Of course the slasher genre is of an acquired taste, mainly because of the lack of unqiue dialogue or acting. It is really based on how characters are killed and when. Detail was placed more on blood and guts among everything else, but in 1984 (the golden age of slashers), Wes Craven's classic Nightmare on Elm Street, became the greatest of all the '80s bloodbaths. But after its phenomenon, the genre went into steady decline. Slasher after slasher, movies became more cheesier and less original; it was the same formula over and over again. However, Blood Rage (shot in 1983 but released in 1987) is a mixture of the good and bad. From its unexpectedly gruesome beginning to its unusually downbeat ending, it is actually an entertaining and bloody ride all the way through.
It starts in 1974 (although nothing in the opening even looks anything like the '70s) in a drive-in where Maddy Simmons (TV icon Louise Lasser) is on a date, with her two twin sons, Teddy and Todd, sleeping in the back. While Maddy is too busy with her date, Teddy and Todd go off by themselves to pass the time, as kids often do. Teddy finds an axe in a backseat and systematically kills a guy who is having sex with his girlfriend, and then frames Todd for the murder.
Years later, while Teddy is living a normal life after college, Maddy visits Todd is a mental institution where the reunion isn't exactly mutual. Todd immediately tries to tell Maddy that he is innocent but is then taken back to his room. During Thanksgiving dinner, Maddy tells her group of friends and Todd that she is engaged to be married, but after getting a call that Todd has escaped, her world is turned inside out and the massacre begins again.
What sets Blood Rage apart from most of the late slasher films is that there is no explanation or motive behind the killings. The nature is never revealed, but that is a good thing because that retains the underlining mystery of the story; this is where other films get it quite wrong because the reason why the killer kills is always revealed and that ruins the fun.
However, the film is no masterpiece, considering that the acting and dialogue is explicitly over-the-top, where even Lasser is all over the place. So in this case, the gore takes center stage, and there is lots of "cranberry sauce" to satisfy the most hardcore of fans. Some of the greatest kills in the film consists of the opening drive-in murder, the death of Todd's doctor (played by producer Marianne Kanter) where she gets sliced in half, and the murder of Maddy's finance. Even better, the great Ted Raimi has a cameo in the opening where he plays a condom seller at the drive-in, so I'm pretty sure fans will get a kick out of that.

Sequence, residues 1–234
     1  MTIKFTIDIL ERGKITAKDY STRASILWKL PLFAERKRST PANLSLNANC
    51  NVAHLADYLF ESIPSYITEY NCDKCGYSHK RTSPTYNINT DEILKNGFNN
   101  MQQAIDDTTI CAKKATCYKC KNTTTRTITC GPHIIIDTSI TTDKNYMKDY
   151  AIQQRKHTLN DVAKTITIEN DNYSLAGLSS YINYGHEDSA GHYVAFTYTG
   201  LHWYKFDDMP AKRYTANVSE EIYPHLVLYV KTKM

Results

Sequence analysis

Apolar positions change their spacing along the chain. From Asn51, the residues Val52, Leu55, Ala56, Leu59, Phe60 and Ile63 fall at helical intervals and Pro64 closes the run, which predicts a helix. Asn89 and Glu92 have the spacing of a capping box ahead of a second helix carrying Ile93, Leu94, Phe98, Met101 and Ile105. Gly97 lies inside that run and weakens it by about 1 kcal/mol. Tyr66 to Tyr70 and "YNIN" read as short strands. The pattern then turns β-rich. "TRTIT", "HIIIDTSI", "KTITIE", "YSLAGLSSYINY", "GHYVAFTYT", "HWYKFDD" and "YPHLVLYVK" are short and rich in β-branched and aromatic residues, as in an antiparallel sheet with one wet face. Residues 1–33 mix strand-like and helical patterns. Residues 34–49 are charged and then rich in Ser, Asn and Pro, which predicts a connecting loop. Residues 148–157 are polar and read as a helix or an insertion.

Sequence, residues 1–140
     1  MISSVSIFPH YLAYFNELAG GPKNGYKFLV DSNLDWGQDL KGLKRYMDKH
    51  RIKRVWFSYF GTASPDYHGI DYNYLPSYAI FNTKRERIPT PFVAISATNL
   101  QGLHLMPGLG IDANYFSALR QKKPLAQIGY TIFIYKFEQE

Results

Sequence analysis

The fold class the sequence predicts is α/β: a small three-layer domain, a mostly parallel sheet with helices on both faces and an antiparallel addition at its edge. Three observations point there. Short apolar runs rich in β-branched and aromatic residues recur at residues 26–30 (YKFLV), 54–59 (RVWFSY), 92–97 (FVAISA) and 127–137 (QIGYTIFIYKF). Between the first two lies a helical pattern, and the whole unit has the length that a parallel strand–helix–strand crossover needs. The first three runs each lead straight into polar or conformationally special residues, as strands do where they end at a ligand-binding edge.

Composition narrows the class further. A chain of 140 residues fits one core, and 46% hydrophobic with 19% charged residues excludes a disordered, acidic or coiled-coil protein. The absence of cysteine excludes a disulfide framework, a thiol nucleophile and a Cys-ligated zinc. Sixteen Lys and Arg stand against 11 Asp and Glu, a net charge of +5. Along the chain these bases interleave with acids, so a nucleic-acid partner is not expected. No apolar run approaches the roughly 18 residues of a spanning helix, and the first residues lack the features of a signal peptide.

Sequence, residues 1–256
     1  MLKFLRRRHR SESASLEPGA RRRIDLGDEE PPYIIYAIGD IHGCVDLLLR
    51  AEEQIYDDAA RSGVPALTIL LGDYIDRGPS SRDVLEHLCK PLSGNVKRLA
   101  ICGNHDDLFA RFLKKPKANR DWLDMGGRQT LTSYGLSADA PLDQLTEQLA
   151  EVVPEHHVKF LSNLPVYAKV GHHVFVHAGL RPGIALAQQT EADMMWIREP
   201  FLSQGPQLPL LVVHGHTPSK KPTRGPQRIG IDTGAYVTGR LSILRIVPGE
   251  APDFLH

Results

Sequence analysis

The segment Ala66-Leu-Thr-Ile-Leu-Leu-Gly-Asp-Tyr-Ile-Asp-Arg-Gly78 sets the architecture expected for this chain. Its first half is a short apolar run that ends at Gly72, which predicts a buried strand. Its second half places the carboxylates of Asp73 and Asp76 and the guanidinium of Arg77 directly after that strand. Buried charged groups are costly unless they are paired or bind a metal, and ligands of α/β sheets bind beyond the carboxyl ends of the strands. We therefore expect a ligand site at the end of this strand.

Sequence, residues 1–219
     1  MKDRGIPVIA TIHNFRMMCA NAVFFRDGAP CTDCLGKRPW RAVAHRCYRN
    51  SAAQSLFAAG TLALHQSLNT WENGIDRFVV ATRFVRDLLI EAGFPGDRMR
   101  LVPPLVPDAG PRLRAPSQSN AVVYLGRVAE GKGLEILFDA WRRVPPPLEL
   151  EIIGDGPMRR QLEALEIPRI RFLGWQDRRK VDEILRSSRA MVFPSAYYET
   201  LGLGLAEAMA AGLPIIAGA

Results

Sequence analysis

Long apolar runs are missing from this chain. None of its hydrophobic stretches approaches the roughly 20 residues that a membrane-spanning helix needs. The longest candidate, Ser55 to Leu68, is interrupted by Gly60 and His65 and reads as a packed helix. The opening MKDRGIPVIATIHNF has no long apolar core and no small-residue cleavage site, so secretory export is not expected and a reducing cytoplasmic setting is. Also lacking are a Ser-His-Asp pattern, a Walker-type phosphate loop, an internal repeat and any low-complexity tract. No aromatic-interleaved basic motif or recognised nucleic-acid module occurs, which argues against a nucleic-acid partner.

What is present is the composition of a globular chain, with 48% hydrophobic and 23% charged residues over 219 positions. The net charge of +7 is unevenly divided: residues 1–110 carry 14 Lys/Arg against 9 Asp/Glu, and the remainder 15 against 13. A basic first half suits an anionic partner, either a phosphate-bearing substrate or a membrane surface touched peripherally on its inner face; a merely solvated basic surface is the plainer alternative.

As usual, Arrow delivers an excellent package like most of their releases, but this may just be one of their top ones, considering that there are three versions of the film: the original home video version, Nightmare at Shadow Woods (the re-edited 1987 theatrical cut), and an alternate cut combinging footage from the home video version and theatrical versions.
More special features:
- Audio commentary with director John Grissmer
- Both Sides of the Camera - an interview with producer/actress Marianne Kanter, where she explains how she got involved with the film, and her gory death scene.
- Double Jeopardy - an interview with actor Mark Soper, who played both Teddy and Todd Simmons. He talks about his performance, working with Louise Lasser, and how his career changed after the film.
- Jeez, Louise! - an interview with Louise Lasser, where she talks about her early film career, and especially Mary Hartman, Mary Hartman (the series that made her a TV legend).
- Man Behind the Mayhem - an interview with special make-up effects creator Ed French (who also co-starred in the film).
- Three Minutes with Ted Raimi - a very short, but funny interview with the great Ted Raimi, where he discusses how was cast in the movie, and his life before then.
- Return to Shadow Woods - a featurette revisiting the original locations in Jacksonville, Florida. This is my favorite because you're able to see how the locations have changed since 1983.
- Alternate opening titles with the original title, Slasher
- Motion still gallery including rare behind-the-scenes make-up effects
- Outtakes featuring rare and alternate footage
Rounding out the release is a reverisible sleeve cover featuring original and new artwork by Marc Schoenbach, and a booklet with a great new essay by Joseph A. Ziemba, author of BLEEDING SKULL! A 1980s Trash-Horror Odyssey.
Overall, Blood Rage was never going to win any Oscars, but it has a huge following, and rightly so. It remains a bloody and cheesy, but fun slasher that manages to rise above other '80s gore flicks with something to say about complex mother-and-her children relationships. As for this release, it will probably end up on many Top-10 lists of the best Blu-ray releases of the year.